Over the course of their fourth and fifth albums (2007’s ‘Puzzle’ and 2009’s ‘Only Revolutions’) Ayrshire’s Biffy Clyro took on the task of transforming themselves from a trio of leftfield weirdies to masters of melodic mega-rock. The next phase: consolidate their position and show they’re capable of Foo Fighters levels of global fame. So they went to Santa Monica, California and got deeply into medical-grade marijuana, and things got heavy. Then in January 2012 came the big announcement: Simon Neil and brothers James and Ben Johnston were working on a full-scale double album. It would either be the pinnacle of their Rock Gods dream, or a long, drawn-out bullet to the temple. It was to be an audacious record with a loose concept: one half documenting the falling apart of relationships; the other, the picking up of pieces. Those parts would be called ‘The Sand At The Core Of Our Bones’ and ‘The Land At The End Of Our Toes’. The resulting album clocks in at 78 minutes. To prepare to listen to it is to prepare to climb up Mount Biffymanjaro.
The adventure starts smoothly enough. But when spiky guitars meet harp strums on third track ‘Sounds Like Balloons’, things get scary. The lyrics reference the titles of both discs, refer to its painstaking, year-long production and proffer a warning to those voyaging inside this XXL-sized album: “Ancient Rome, they built that fucker stone by stone/ This is not for your entertainment”, it barks. But its bark is worse than its bite. The song ‘Opposites’ follows, and it takes us into soft-rock territory, recalling – gulp – Scots rockers Del Amitri. But the genius of Biffy Clyro has always been to straddle the line between experimental and anthemic. It’s a knack that saw their 2010 single ‘Many Of Horror’ creep its way to Number One in the Trojan Horse-like disguise of X Factor winner Matt Cardle’s debut single ‘When We Collide’. It’s a knack displayed again two tracks later on ‘Biblical’, a song with a chorus so massive it already sounds like 80,000 Reading festivalgoers are singing along. That’s how the first disc continues, flipping between edgy and anthemic – Biffy’s best modes. Sometimes it happens on the same track: ‘Little Hospitals’ pits a juggernaut chorus against a guitar solo that sounds like Brian May playing oompah style. A pained atmosphere hangs over CD1 , broken only by the bit in ‘The Joke’s On Us’ when “our souls” sounds like “arseholes”.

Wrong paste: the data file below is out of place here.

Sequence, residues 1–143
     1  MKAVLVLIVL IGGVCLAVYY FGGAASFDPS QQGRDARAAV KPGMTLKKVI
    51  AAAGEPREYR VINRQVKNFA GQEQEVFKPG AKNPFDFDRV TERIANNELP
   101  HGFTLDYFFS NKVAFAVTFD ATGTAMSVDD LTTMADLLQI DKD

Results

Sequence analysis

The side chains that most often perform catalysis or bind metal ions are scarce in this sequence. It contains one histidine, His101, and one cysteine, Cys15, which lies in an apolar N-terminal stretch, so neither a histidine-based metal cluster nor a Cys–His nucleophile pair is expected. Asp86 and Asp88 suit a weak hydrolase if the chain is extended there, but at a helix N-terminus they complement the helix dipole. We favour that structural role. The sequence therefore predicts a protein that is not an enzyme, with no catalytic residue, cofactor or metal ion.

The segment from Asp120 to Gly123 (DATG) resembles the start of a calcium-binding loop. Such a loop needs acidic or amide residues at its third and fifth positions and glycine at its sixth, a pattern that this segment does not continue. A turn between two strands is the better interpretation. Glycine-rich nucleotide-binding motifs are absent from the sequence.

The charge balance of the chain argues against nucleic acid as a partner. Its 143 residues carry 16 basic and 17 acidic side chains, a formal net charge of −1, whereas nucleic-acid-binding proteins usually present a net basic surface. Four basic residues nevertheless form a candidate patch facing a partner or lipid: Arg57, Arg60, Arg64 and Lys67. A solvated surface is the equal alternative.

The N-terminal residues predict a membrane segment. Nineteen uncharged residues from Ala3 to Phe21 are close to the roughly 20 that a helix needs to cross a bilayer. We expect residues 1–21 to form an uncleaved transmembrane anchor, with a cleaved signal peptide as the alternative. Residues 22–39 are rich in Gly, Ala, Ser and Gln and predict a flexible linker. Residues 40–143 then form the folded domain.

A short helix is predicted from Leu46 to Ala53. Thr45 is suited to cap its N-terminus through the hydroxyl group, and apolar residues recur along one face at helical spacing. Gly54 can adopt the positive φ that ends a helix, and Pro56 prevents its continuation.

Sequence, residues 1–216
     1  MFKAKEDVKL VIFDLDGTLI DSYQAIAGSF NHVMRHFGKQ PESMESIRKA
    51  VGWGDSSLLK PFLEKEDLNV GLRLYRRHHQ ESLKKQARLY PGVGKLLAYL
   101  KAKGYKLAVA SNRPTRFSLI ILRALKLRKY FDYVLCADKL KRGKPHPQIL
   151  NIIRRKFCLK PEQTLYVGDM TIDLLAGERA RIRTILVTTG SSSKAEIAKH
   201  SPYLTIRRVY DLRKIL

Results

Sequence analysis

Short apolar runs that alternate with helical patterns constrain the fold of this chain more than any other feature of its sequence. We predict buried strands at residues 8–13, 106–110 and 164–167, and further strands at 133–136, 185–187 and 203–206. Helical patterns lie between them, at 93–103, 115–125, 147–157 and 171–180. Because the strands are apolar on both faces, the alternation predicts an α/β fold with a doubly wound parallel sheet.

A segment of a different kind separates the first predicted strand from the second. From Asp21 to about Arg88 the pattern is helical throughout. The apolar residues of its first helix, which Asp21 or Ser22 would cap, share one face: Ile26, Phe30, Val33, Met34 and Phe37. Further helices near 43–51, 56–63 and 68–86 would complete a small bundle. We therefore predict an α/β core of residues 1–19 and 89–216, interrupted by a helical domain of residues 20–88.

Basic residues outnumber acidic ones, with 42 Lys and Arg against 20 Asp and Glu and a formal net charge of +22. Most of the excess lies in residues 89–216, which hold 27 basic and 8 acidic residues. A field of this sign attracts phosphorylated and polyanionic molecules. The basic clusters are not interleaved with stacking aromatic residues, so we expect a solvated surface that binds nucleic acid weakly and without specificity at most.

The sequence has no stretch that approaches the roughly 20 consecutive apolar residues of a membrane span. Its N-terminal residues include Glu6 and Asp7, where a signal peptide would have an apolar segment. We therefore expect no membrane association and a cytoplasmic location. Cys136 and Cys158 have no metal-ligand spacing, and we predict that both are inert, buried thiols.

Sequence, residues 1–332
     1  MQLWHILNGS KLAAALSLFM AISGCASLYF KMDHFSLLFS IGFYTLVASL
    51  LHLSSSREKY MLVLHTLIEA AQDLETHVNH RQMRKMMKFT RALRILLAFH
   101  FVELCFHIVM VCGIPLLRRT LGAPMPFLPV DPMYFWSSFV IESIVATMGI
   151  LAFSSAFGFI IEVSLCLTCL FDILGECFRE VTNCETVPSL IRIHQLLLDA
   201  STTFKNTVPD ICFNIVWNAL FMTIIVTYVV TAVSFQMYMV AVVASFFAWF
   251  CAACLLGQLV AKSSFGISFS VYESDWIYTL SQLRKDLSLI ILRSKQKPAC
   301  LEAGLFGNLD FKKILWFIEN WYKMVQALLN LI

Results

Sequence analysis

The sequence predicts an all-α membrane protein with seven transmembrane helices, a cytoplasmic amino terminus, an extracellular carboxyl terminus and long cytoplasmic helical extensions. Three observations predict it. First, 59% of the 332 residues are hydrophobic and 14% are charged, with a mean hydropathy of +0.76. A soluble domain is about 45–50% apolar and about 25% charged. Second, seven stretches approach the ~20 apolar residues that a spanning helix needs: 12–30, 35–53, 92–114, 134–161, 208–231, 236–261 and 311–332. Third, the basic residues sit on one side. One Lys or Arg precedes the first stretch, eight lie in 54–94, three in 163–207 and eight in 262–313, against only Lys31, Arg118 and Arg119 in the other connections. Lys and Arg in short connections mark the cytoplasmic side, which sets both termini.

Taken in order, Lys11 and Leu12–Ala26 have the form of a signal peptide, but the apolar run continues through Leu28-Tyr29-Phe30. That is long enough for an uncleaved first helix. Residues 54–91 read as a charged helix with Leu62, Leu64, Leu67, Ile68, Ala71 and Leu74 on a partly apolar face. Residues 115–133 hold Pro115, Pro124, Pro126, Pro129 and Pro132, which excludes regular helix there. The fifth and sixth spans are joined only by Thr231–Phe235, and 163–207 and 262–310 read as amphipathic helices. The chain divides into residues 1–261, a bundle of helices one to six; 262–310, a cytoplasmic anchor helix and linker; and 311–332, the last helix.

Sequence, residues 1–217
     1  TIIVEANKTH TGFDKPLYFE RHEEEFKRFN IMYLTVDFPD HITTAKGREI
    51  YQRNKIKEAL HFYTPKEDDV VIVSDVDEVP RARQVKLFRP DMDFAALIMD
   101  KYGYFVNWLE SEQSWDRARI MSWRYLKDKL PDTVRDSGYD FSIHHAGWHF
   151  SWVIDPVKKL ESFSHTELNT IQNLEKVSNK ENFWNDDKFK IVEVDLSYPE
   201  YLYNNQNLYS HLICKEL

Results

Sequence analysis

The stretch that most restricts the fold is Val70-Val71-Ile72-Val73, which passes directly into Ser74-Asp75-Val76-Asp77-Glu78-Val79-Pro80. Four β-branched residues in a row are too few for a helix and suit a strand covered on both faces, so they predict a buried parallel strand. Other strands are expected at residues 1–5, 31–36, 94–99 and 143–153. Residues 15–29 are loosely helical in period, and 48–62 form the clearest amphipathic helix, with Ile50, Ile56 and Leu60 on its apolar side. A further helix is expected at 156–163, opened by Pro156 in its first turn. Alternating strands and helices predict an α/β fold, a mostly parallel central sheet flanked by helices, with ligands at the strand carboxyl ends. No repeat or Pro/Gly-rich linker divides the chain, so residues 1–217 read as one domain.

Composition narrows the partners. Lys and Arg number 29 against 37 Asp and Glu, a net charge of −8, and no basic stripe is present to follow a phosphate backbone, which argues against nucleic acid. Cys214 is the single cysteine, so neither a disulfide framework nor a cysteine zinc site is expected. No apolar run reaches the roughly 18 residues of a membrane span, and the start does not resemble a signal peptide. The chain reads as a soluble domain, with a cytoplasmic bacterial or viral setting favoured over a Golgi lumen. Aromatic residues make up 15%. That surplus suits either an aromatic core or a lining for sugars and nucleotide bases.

By the time you reach the halfway point and prepare for CD2, you realise ‘Opposites’ is not, as feared, an unedited expanse of rock-band mind splurge, but two albums’ worth of well-constructed songs. In the build-up to the record’s release, details dripped through about the band’s mindset during its construction. Drummer Ben Johnston was drinking, relationships in the band were faltering. But ‘The Land At The End Of Our Toes’ takes us into more life-affirming territory. Just like any good double album (hello, ‘The White Album’), the second disc houses the album’s strangest songs. Opener ‘Stingin’ Belle’ has a bagpiper doing his tuneful squeaky dog-toy thing, ‘Spanish Radio’ has a Mexican mariachi band, and ‘Skylight’ features electronics that sound like the theme from The Neverending Story.
The album closes on an optimistic note, with Neil intoning “I will love you till the end of time” on ‘Woo Woo’ and issuing sweet nothings on ‘Picture A Knife Fight’. And then it’s over, you’re exhausted, and the question is: have Biffy committed career suicide? Hell no. They’ve released a chunk of bombast that goes far beyond the recommended daily allowance. But for the sheer audacity of it all – and for mostly pulling it off – they need saluting.